"First, without knowing how deep into the soil the mercury and its strong alkali
medium penetrated, the site is probably not very clean at all," the toxicologist
commented. "Animals of various species living on the site that get contaminated
by eating worms, larvae and other fauna living in this greatly contaminated soil
will provide dietary exposure at the next step up the food chain - to those eating
Strangely, although both Narith and Pigott indicated that WHO research in the former
dump site was confined to water testing, Bettrang villagers told the Post that "foreign
doctors" had collected hair and breast milk samples from residents in early
"They didn't tell us what organization they were from," said one woman
who had been asked to provide the unidentified medical personnel with a sample of
her breast milk.
Conflicting and inconclusive medical evidence of possible long term health damage
to Sihanoukville residents exposed to the waste has to date hampered attempts by
alleged victims to seek legal redress for their ills.
George Cooper, a legal consultant with LAC, says plans are afoot to bring researchers
from an unnamed American university to Sihanoukville to perform sophisticated testing
for evidence of health conditions resulting from exposure to the waste.
"There's real serious culpability somewhere [for the toxic waste's importation],"
Cooper said of LAC's continuing interest in the case, "but exactly where we
don't yet know."
If the proposed testing does indicate the existence of long term illness from waste
exposure, Cooper says LAC has already explored the possibility of representing affected
Sihanoukville residents in a civil compensation claim in a Taiwan court against the
waste's producer, Formosa Plastics Company.
"We've checked with Taiwan to see if based on [proof of illness due to exposure],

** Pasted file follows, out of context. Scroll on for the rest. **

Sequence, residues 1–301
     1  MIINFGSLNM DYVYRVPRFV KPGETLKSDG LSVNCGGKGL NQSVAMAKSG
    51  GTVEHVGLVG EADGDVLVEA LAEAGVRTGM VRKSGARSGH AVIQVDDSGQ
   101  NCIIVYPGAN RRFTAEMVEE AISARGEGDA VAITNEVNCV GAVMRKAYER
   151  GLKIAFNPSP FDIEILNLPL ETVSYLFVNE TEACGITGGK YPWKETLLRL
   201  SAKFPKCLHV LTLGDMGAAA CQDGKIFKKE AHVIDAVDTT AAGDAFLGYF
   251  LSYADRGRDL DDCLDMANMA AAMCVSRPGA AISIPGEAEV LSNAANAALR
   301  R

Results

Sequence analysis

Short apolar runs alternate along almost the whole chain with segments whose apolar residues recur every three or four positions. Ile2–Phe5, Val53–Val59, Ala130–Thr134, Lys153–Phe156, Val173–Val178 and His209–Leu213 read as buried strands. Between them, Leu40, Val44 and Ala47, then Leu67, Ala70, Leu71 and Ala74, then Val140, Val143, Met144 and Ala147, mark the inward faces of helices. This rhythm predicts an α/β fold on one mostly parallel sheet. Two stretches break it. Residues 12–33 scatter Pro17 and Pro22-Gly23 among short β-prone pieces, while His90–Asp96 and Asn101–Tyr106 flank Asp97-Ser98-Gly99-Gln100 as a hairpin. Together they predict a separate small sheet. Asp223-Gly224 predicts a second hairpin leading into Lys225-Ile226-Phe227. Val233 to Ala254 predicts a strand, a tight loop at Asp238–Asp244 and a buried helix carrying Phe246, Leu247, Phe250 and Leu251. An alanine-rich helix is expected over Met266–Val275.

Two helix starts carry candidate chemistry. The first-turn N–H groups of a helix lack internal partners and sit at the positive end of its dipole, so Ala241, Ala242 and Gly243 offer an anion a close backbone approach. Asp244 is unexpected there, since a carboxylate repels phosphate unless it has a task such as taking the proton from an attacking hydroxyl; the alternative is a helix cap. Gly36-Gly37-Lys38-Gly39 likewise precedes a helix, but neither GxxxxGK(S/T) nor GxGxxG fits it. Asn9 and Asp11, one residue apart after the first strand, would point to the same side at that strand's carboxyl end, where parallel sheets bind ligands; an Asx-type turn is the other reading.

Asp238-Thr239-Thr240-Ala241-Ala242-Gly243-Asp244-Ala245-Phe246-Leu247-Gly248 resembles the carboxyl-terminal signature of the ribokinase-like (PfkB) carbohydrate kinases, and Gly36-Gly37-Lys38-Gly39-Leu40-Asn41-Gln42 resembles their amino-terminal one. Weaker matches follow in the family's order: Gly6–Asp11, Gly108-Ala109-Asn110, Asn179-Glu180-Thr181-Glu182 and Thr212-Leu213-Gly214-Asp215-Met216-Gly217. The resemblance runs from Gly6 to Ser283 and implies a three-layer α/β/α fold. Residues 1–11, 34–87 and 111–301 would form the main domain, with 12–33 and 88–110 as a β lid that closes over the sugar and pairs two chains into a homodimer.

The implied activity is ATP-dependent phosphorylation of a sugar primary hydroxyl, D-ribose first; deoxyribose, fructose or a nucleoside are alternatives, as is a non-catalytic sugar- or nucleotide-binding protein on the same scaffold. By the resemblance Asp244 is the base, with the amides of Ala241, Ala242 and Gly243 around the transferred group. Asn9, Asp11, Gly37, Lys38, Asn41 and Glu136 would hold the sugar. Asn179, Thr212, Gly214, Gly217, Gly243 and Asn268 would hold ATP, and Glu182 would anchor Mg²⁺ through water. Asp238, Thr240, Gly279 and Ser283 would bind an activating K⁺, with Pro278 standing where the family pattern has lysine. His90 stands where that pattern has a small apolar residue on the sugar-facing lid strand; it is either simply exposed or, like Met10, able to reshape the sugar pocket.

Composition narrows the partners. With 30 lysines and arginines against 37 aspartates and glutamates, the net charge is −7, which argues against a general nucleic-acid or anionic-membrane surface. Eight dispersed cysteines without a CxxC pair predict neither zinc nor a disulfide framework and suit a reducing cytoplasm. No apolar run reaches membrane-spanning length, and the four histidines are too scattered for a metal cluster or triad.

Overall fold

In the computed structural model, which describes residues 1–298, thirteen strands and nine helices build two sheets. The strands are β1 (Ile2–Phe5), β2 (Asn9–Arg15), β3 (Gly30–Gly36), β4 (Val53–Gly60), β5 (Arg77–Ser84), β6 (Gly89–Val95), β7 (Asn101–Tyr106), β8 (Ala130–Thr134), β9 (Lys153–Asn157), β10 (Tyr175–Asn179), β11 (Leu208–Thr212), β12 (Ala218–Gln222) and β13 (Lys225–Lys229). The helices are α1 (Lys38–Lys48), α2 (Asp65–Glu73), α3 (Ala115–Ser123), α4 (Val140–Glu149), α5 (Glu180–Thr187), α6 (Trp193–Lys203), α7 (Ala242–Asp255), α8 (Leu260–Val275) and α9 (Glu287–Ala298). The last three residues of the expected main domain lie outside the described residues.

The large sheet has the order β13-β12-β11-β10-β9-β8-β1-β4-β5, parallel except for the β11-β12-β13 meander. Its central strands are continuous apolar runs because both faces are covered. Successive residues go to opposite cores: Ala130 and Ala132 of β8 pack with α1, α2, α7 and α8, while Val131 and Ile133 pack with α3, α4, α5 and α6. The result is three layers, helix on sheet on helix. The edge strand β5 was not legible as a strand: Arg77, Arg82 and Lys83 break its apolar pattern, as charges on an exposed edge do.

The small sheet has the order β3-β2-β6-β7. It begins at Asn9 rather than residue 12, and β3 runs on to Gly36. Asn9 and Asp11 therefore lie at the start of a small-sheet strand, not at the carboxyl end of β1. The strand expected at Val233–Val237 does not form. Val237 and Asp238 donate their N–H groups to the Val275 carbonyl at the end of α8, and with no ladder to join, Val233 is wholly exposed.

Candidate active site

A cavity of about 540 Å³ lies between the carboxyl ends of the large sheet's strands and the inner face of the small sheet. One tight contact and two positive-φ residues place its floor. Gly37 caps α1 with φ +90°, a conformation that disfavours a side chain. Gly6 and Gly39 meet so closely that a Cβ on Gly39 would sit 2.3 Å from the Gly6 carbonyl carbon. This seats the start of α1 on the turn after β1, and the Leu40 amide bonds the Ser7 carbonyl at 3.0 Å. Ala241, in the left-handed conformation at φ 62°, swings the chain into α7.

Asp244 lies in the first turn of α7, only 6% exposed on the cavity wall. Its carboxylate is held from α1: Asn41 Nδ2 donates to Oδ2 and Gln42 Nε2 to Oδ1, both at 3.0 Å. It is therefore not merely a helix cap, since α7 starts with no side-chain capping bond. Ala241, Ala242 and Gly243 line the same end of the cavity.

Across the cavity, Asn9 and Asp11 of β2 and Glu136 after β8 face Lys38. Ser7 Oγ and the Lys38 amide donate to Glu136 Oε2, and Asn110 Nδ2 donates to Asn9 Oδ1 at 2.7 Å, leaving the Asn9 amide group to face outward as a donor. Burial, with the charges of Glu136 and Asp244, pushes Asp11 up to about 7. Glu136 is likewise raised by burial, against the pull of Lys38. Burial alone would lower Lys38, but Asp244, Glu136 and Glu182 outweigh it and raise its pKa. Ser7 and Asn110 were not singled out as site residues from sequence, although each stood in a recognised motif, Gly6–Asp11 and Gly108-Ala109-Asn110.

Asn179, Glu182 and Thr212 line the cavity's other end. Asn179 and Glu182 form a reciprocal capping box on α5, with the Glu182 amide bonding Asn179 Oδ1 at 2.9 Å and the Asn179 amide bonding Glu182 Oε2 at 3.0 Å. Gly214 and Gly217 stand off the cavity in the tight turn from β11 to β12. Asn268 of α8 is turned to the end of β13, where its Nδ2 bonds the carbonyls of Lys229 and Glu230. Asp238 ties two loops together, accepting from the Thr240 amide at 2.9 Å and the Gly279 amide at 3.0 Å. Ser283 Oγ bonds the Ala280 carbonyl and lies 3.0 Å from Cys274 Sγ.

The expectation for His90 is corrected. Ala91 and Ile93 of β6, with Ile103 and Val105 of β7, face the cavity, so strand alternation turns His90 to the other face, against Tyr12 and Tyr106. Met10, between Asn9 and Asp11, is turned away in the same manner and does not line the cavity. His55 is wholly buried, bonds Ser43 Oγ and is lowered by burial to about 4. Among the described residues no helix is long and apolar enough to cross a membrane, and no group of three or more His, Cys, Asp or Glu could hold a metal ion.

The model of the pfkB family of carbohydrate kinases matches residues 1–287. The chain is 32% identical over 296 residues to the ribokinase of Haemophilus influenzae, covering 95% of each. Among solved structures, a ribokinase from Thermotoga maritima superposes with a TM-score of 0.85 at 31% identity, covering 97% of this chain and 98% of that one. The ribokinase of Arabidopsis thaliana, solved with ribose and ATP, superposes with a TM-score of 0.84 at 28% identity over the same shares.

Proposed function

could we sue, and the answer is yes," Cooper told the Post. "But we still
don't know if there's a case ... it depends on how far down the causation chain [in
terms of death and damage caused by the dumping] Taiwan law allows us to go."
Here in Cambodia, the legal fallout over the waste's importation effectively ended
on June 17, 1999, when two Taiwanese representatives of the Jade Fortune import company,
their Cambodian interpreter and Sam Moeun of Cambodia's Muth Vuthy Import Export
Company were convicted of "conspiring to damage the environment."
The two Taiwanese, Chang Fu Kung and Kao Chia Song, were sentenced in absentia to
five years imprisonment as was their interpreter Phann Phoeung. Moeun was sentenced
to seven months imprisonment.
Although there have been rumors of multi-million dollar bribes to facilitate the
waste's importation no officials have been successfully prosecuted.
"People in Sihanoukville are so unhappy about this ... they know this was a
real crime but no one has come to investigate who perpetrated that crime"said
Kek Galabru, director of the human rights group Licadho.
Soldiers seal up the waste last December
"People still tell our staff in Sihanoukville that there can't be justice if
[the waste dumping] goes unpunished."
Galabru fears that the most poignant lessons of the Sihanoukville toxic dumping have
been to underline the rot within the country rather than any future threats from
"Cambodians aren't angry at Taiwan for this, they're angry at their own government,"
she said. "[The dumping] showed there's a double standard of law for rich and
poor in this country, and in the case of Sihanoukville it was the poor that have
again been made to suffer."